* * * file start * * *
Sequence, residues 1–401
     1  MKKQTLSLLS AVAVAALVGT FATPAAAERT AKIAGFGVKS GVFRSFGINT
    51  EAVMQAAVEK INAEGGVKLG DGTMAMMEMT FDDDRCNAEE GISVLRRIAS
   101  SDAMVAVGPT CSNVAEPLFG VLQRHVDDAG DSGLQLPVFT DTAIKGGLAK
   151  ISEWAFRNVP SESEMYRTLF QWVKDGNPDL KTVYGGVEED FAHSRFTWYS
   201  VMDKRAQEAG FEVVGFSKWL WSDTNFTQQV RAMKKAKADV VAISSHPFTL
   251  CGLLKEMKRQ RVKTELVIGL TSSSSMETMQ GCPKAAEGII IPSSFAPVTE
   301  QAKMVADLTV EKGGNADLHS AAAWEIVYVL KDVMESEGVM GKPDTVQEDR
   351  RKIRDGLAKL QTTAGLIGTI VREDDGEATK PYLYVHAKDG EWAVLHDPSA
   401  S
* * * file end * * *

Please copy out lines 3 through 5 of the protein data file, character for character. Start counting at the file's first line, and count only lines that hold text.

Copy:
    51  EAVMQAAVEK INAEGGVKLG DGTMAMMEMT FDDDRCNAEE GISVLRRIAS
   101  SDAMVAVGPT CSNVAEPLFG VLQRHVDDAG DSGLQLPVFT DTAIKGGLAK
   151  ISEWAFRNVP SESEMYRTLF QWVKDGNPDL KTVYGGVEED FAHSRFTWYS